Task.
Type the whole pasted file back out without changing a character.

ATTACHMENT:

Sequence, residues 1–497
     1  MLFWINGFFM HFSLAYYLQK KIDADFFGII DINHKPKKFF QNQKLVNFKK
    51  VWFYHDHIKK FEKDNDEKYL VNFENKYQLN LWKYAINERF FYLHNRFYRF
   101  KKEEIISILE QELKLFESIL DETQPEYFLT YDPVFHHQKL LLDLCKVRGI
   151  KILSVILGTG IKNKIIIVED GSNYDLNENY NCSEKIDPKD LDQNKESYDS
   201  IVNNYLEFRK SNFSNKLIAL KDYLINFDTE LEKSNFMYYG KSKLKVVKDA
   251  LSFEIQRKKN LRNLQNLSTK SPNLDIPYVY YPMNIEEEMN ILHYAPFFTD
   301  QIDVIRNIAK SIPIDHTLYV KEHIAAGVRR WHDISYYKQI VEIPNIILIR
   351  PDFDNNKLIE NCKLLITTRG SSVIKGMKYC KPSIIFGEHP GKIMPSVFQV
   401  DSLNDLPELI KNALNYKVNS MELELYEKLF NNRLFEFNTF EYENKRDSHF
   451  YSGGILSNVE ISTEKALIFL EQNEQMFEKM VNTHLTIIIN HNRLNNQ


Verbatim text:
Sequence, residues 1–497
     1  MLFWINGFFM HFSLAYYLQK KIDADFFGII DINHKPKKFF QNQKLVNFKK
    51  VWFYHDHIKK FEKDNDEKYL VNFENKYQLN LWKYAINERF FYLHNRFYRF
   101  KKEEIISILE QELKLFESIL DETQPEYFLT YDPVFHHQKL LLDLCKVRGI
   151  KILSVILGTG IKNKIIIVED GSNYDLNENY NCSEKIDPKD LDQNKESYDS
   201  IVNNYLEFRK SNFSNKLIAL KDYLINFDTE LEKSNFMYYG KSKLKVVKDA
   251  LSFEIQRKKN LRNLQNLSTK SPNLDIPYVY YPMNIEEEMN ILHYAPFFTD
   301  QIDVIRNIAK SIPIDHTLYV KEHIAAGVRR WHDISYYKQI VEIPNIILIR
   351  PDFDNNKLIE NCKLLITTRG SSVIKGMKYC KPSIIFGEHP GKIMPSVFQV
   401  DSLNDLPELI KNALNYKVNS MELELYEKLF NNRLFEFNTF EYENKRDSHF
   451  YSGGILSNVE ISTEKALIFL EQNEQMFEKM VNTHLTIIIN HNRLNNQ